There's a definite joy in watching bad, hilarious people do bad, hilarious things on FX's hit comedy It's Always Sunny in Philadelphia. It's hard to believe the Philly gang can do anything worse than when they got addicted to crack or kidnapped a Hispanic family and destroyed their home, but we can guarantee they will in the upcoming eighth season of the show. But at least the Sunny gang always means well, which is why creator Rob McElhenney thinks they've gotten away with the series for so long.
"We come at it from a character perspective in terms of motivation. We try to figure out what they would want and what means they would use to get there," McElhenney told Spinoff on the red carpet at Monday’s It's Always Sunny premiere. “So it's never, 'Oh, well, what's the most terrible thing we could see.' It's, 'What's something that someone on a CBS sitcom wouldn't necessarily get to do,' and then we try to do that."
Co-star and executive producer/writer Glenn Howerton reinforced that, saying the main characters work because they think they're doing good.
It's clear that Dennis, Dee, Mac, Charlie and Frank have changed a lot since It's Always Sunny in Philadelphia debuted in 2005. There's even an episode this season that refers back to earlier jokes, with the entire premise being a nod to "The Gang Solves The Gas Crisis." Howerton said that episode was thrown in as a wink to fans.
"That was the only episode where we sort of address where these characters have been,” he explained. “It was kind of, I guess, our version of a flashback episode in a way; revisiting some territory and retreading territory, but that was just something we did for fun.”
McElhenney added, "We never really evolve that much. You'll definitely see different sides to our characters -- that's just part of the fun of creating new ways to display our characters, but they'll be right in line with what you would expect from these people."
However, there are some physical changes this season. McElhenney's character Mac has dropped the weight he gained in Season 7, and according to Mary Elizabeth Ellis, who plays The Waitress and is Charlie Day's real-life wife, a certain someone is happy about that weight loss.
"I think Kaitlin's happy. He doesn't crush her at home anymore, you know? It's a good thing," she said, referring to McElhenney's co-star and real-life wife Kaitlin Olson.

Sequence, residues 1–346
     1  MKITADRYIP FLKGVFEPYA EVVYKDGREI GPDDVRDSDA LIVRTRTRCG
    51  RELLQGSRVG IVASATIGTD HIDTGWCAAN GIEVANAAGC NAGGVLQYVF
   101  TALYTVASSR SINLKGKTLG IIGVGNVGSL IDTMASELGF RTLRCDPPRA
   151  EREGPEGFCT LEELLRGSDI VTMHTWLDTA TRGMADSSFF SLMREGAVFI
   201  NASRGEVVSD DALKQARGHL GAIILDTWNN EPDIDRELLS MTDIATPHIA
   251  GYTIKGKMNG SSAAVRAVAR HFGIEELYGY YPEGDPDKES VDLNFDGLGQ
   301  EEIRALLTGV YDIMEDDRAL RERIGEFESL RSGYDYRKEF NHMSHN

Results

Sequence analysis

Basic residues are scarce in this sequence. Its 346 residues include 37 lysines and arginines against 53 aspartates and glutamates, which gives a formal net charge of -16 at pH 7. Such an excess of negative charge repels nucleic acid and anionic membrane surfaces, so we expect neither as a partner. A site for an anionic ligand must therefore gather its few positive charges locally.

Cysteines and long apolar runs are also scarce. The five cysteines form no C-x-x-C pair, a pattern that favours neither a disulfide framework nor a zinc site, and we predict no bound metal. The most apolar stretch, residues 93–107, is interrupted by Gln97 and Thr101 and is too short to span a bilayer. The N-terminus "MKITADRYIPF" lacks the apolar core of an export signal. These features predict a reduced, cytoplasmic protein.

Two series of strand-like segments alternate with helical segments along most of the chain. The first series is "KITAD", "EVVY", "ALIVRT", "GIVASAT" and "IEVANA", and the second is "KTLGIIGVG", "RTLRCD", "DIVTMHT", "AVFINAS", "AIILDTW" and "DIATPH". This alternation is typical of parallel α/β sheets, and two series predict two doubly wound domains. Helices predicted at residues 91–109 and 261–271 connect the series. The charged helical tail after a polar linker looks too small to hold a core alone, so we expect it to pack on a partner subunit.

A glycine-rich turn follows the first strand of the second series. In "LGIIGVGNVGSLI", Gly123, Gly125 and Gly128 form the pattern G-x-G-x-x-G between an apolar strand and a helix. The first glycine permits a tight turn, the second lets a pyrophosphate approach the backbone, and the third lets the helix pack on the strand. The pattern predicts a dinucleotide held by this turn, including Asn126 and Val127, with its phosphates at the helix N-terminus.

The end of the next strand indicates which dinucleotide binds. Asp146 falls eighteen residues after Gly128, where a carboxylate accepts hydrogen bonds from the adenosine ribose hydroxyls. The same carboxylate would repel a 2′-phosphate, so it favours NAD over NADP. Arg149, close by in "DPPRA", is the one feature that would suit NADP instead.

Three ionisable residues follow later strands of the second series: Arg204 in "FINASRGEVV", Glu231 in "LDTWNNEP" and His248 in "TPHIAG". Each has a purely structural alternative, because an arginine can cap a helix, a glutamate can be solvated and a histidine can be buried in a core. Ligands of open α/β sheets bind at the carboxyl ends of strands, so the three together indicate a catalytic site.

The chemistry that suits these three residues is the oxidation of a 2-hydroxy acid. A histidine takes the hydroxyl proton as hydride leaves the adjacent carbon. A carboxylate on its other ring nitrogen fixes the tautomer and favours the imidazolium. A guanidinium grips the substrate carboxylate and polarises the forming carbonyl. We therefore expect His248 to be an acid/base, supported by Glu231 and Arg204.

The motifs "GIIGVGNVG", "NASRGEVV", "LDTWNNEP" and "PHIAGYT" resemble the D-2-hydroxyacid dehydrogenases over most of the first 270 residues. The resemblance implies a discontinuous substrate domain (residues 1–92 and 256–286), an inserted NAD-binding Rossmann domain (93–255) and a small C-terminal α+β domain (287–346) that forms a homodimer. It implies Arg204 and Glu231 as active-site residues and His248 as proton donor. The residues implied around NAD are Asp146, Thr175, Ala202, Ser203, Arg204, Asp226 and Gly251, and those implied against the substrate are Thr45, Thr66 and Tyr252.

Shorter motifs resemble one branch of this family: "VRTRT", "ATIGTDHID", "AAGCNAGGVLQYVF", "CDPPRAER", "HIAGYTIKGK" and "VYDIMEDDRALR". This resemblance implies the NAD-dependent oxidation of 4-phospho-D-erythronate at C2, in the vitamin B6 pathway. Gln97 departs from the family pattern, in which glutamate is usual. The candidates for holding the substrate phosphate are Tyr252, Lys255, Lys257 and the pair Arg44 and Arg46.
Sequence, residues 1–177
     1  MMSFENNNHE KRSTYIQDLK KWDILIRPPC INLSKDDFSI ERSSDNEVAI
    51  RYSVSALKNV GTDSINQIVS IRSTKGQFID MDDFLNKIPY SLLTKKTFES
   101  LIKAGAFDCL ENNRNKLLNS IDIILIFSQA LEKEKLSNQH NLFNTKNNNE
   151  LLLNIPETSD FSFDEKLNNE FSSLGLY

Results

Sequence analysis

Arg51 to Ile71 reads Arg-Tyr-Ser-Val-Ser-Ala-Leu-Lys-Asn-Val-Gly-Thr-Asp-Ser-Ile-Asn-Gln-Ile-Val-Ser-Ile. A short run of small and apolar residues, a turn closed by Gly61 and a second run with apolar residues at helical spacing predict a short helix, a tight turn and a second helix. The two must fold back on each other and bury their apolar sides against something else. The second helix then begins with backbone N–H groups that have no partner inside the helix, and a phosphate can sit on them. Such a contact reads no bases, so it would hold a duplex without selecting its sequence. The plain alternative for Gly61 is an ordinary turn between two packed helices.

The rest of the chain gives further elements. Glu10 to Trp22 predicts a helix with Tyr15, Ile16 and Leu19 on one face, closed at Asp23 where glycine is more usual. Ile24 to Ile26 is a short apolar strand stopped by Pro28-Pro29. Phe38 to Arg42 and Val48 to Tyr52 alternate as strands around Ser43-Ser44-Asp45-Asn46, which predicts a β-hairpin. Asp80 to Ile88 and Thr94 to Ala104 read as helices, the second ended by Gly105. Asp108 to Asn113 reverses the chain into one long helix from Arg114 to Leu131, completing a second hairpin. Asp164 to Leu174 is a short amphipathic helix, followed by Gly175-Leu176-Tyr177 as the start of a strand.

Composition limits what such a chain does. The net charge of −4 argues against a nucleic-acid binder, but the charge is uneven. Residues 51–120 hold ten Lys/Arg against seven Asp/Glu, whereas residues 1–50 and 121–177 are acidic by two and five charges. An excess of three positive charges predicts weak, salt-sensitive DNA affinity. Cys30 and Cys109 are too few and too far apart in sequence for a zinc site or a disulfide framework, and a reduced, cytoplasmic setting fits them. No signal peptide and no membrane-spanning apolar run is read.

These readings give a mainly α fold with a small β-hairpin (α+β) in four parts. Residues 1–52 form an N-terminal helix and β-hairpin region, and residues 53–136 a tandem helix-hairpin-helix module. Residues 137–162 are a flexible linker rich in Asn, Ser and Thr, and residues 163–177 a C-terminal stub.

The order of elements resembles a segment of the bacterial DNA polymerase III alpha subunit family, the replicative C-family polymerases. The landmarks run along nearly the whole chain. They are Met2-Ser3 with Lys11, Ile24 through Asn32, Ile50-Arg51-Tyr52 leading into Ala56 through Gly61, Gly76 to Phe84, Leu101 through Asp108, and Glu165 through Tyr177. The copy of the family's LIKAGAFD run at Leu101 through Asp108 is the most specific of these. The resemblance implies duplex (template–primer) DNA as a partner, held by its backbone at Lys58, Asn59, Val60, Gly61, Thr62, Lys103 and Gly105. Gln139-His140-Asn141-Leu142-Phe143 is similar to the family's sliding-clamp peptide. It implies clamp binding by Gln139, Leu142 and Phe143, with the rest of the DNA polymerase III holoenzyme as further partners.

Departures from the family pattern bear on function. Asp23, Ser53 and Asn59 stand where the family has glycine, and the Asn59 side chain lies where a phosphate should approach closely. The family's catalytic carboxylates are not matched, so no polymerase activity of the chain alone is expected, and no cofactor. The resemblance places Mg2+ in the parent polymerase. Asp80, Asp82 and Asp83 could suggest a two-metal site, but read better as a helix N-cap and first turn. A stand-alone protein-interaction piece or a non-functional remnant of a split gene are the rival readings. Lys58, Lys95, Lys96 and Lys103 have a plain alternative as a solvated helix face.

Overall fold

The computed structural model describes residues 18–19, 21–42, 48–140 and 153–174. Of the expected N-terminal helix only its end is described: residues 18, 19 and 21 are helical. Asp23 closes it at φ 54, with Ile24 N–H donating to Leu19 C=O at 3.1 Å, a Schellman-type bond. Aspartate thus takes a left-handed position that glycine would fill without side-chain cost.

Ellis was on the Sunny red carpet to confirm that her character will return this season. But, speaking of change, The Waitress is not the nice coffee shop employee we've known from earlier seasons.
"They do terrible things to me -- even more terrible than usual," Ellis told us. "I went and shot on my set this year of my apartment, which used to be like really cute and now it has graffiti in the hall. I'm turning into Charlie, I feel like. I don't know what's going to happen. Maybe we'll meet somewhere in the middle."
She added, "This year bodes well for Charlie. I'll put that out there."
While we won't be finding out the name of The Waitress any time soon, Ellis said there will be payoffs this season. Part of that is having characters like the McPoyles and actors like David Hornsby, Sandy Martin and Lynne Marie Stewart come back.
"It is fun, once you watch a television show for eight years, you really do get to know the people. As it goes on you're like I remember that and I remember that," Ellis said. "We loved The Wire, we watched The Wire, and then, like, in Season 4 when you start seeing things that happened in Season 1 and you're like, 'I knew it was going to pay off!' it's so exciting."
The cast wouldn't offer much by way of spoilers, but Howerton did confirm that we won't see a return of the D.E.N.N.I.S. system. However, there will be "different systems" that are "pretty ugly" and show the "evolution" of Dennis. Howerton also said we'll see Dennis degraded in new ways.
Ellis offered another tease of this season: the Halloween episode, "Maureen Ponderosa's Wedding Massacre,” which marks the return of Dennis's ex-wife Maureen Ponderosa. "It's as amazing as you think it's going to be," she promised.
With It's Always Sunny heading into Season 8, it seems fair to think the end might be in sight. McElhenney said it's not something they're really thinking about, and that the team will "keeping making [episodes] as long as people keep watching them."
"We'll do a couple more years," Howerton clarified. "We'll do a couple more years, and then we'll get out of here before people get totally sick of it."
The eighth season of It's Always Sunny in Philadelphia premieres tonight at 10 ET/PT on FX.